AngloGold Ashanti’s Cerro Vanguardia (CVSA) mine is located in one of the most remote and unpopulated gold mining regions of the world. The mine is a partnership between AngloGold Ashanti and Formicruz (which is owned by the Santa Cruz province in which the operation is located). The nearest town to CVSA is San Julian, with some 7,500 inhabitants.
San Julian is one of the oldest port towns in Argentina and, although the region is steeped in history, its remote location means that it remains off the main tourist routes. Up until 1990 the area was a significant sheep farming region. But the region was sorely affected when, in 1991, Mount Hudson in southern Chile – the site of one of the largest 20th century volcanic eruptions, sent millions of tonnes of volcanic ash into the atmosphere which left a trail of barren land over large tracts of Patagonia. The result has been a lack of economic activity and socio-economic stagnation in San Julian, with an over-dependence on the both the province and the CVSA mine as primary sources of employment and economic activity.
Since 2004, CVSA has provided support for the San Julian Development Agency, contributing some ARS500,000 (Argentinian peso) per year towards the agency’s ability to assess the feasibility of various socioeconomic development projects.
Says AngloGold Ashanti’s Alberto Carlocchia, “Although we were initially a bit disappointed with the progress that was made with the development agency – there was little initiative or sense of ownership by the local community – we were never discouraged with the project. It was also very important that CVSA did not simply step in and run the process – this needed to be a community-based initiative which was supported by CVSA and not the other way around. During the first year it was very difficult to manage the differences between the partners in the development agency, considering the dissimilar professional origin of them (CVSA, local businessmen and political representatives); This led to a disparity of criteria for the future, and demanded a lot of work. Finally, after that work was done, the partners in the development agency – CVSA, local business and the local municipality – took the decision in 2005 that we needed to recruit a specialist and dedicated manager to oversee the agency. Following a nationwide search and close on 90 applicants we identified Alejandro Ramos as the new Manager and, since his appointment in March 2006, steady progress has been made in doing the groundwork for the agency.”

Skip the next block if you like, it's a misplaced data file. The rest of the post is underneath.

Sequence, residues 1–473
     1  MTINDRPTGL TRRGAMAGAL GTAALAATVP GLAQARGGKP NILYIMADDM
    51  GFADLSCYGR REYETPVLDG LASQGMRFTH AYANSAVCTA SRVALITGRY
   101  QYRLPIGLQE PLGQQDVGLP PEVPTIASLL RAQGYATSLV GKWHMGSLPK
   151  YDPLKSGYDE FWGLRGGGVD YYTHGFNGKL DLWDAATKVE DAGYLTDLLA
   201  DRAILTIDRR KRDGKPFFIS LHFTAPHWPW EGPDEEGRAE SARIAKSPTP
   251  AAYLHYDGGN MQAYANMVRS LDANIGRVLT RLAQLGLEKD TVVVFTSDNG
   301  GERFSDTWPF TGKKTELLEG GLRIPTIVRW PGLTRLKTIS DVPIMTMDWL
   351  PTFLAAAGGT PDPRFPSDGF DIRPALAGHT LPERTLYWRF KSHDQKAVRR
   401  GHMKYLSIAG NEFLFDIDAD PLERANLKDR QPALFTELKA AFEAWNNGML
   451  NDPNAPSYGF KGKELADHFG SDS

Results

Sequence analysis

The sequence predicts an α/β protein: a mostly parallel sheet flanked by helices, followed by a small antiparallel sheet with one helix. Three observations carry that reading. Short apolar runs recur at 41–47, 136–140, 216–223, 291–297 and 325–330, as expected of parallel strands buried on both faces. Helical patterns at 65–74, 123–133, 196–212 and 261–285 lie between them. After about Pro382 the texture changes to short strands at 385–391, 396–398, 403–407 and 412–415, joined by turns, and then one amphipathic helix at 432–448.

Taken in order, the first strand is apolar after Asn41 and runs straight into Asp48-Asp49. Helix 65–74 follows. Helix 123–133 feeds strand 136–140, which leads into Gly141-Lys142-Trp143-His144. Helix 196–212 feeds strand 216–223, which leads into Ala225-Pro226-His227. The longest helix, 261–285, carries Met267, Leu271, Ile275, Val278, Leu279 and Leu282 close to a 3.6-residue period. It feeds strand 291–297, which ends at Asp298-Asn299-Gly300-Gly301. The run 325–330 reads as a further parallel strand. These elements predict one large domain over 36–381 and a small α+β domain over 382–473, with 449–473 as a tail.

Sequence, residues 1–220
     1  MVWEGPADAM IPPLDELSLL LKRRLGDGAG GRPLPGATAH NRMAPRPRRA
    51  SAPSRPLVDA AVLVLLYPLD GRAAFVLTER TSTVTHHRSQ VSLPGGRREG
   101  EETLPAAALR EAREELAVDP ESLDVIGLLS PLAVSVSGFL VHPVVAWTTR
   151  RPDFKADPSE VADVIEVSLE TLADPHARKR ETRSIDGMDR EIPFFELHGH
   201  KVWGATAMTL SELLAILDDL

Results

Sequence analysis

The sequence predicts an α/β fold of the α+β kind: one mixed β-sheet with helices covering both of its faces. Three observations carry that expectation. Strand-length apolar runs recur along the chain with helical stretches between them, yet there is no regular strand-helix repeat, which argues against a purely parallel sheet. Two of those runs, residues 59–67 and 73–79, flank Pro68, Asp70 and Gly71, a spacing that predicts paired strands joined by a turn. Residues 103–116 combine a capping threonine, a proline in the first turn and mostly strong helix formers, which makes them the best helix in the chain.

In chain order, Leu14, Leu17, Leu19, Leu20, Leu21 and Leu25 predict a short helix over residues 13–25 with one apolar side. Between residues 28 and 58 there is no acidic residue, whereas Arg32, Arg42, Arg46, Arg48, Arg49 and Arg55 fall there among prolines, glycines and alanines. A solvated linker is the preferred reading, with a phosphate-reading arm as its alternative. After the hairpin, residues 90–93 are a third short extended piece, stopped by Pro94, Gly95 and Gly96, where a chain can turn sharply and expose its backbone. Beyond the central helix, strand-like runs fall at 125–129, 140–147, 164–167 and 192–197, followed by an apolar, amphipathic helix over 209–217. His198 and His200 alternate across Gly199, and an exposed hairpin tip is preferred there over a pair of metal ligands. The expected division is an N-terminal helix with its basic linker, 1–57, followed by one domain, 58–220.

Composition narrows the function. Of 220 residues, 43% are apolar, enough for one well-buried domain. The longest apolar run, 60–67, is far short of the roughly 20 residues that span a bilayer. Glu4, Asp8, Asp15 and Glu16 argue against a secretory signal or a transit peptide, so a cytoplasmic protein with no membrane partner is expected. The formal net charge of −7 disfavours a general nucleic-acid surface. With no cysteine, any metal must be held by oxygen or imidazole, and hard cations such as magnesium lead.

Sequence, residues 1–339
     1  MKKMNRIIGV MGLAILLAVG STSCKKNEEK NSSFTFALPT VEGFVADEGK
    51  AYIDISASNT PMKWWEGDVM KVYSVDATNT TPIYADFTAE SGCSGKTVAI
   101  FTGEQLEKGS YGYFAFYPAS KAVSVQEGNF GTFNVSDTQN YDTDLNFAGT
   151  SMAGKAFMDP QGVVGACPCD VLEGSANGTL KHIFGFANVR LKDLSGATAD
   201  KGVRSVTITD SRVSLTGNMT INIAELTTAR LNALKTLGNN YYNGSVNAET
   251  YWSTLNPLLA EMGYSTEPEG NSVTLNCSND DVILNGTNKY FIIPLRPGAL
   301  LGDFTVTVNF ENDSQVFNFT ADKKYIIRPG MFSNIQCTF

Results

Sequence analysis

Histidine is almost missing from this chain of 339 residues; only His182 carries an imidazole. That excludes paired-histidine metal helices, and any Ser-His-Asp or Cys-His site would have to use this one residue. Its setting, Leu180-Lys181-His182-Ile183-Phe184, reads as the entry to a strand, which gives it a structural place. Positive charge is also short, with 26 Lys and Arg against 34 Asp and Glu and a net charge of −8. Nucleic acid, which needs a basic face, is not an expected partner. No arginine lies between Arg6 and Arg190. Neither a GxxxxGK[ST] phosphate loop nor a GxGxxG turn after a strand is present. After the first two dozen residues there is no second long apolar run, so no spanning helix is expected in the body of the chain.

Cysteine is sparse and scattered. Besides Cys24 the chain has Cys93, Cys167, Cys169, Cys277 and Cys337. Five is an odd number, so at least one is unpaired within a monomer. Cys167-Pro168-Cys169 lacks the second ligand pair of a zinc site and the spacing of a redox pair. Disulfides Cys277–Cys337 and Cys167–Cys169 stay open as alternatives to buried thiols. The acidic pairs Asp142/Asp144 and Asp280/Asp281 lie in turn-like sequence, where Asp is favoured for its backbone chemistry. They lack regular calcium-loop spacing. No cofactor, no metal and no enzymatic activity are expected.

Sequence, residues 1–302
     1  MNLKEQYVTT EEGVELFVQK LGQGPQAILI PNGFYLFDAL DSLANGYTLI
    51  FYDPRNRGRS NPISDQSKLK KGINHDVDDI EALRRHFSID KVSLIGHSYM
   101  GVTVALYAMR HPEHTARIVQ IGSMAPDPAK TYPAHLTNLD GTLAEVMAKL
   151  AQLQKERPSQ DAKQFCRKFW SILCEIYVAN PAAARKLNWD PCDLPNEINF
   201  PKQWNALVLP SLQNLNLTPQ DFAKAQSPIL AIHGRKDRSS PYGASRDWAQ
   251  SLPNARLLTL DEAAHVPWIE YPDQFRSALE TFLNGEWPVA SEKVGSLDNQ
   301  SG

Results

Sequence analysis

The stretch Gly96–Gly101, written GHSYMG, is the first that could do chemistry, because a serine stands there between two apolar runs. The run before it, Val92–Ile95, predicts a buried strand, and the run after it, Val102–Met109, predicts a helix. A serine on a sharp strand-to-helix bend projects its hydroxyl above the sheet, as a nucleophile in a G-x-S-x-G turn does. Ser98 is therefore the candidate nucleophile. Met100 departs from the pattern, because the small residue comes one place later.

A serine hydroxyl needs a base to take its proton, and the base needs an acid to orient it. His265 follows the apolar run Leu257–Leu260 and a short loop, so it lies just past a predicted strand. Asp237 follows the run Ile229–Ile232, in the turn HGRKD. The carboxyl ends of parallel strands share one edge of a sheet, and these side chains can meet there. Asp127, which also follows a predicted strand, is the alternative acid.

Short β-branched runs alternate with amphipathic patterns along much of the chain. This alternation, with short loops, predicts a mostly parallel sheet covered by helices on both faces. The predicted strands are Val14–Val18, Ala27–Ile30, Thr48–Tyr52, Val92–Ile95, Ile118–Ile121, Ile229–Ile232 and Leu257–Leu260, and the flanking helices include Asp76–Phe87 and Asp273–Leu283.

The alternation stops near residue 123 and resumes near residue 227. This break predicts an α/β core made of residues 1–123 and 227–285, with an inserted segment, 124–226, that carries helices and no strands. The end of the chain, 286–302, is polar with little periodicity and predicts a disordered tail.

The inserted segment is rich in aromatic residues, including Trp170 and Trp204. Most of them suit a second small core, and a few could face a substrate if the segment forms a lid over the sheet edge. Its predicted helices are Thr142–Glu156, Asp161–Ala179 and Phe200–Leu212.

CVSA is more confident that now, with the appropriate leadership in place, the development agency will take advantage of the support of CVSA during its current life of mine to plan for the future.
Says Alejandro Ramos of the task ahead: “Our first step is to get the support of the community and local government and actively engage with them to get recognition both for the need of local economic development and the role that they and such an agency can play.”
One of the things that Alejandro is very keen on is to capitalise on the natural resources in the area for economic development – for example, the agency is looking at the possibility of developing a farming industry around “choique” (similar to the ostrich) and “guanaco” (similar to the llama), and hardy enough to survive the harsh climate. Alejandro uses the example of the ostrich leather, feather and particularly meat industries that have sprung up in other places around the world, or the wool industry relating to llamas in Peru.
“Where the agency can help is in the commissioning of research for example, or in developing a business plan”.
The San Julian Development Agency is the only one of its kind in the province of Santa Cruz and could serve as a model for development in the future.
While this is an issue of concern today, this is likely to be even more of a challenge in the future – in 10 years’ time – when the mine is anticipated to reach the end of its life.
While the company is an active participant in the community and supports a number of social investment projects which are of immediate benefit to the community, the mine is focused on delivering longer term benefits to the community in a number of ways and which will continue to support this community once mining has ceased. Key amongst these efforts are the company’s support for the San Julian Development Agency and the company’s partnership with the University of Patagonia, both of which received substantial support in 2006.
The relationship with the University of Patagonia (UNPA) is one which CVSA hopes will benefit the local community and mine employees alike by providing access to recognised and accredited educational qualifications in their home town and often while already employed.
Says Natalia Moscardi, Human Resources Manager at CVSA, “Our relationship with the UNPA is a symbiotic one and our support for UNPA not only provides scope for our employees to grow, but also provides an opportunity for other people in the area to improve their skills and qualifications and to become part of an employment pool in the future. “
UNPA provides both distance learning and satellite campuses in San Julian and four neighbouring towns and offers courses in administration, healthcare and nursing, mining, tourism, and natural sciences. Distance learners make up about 70% of the student body. The UNPA has also endeavoured to make further education affordable, tapping into both national funding for education and by providing scholarships.
UNPA students at the University of San Luis, a traditional mining province are currently undertaking research into the destruction of cyanide used in the gold leaching process through the application of resin.
There are numerous other examples of support and interaction with the community, such as: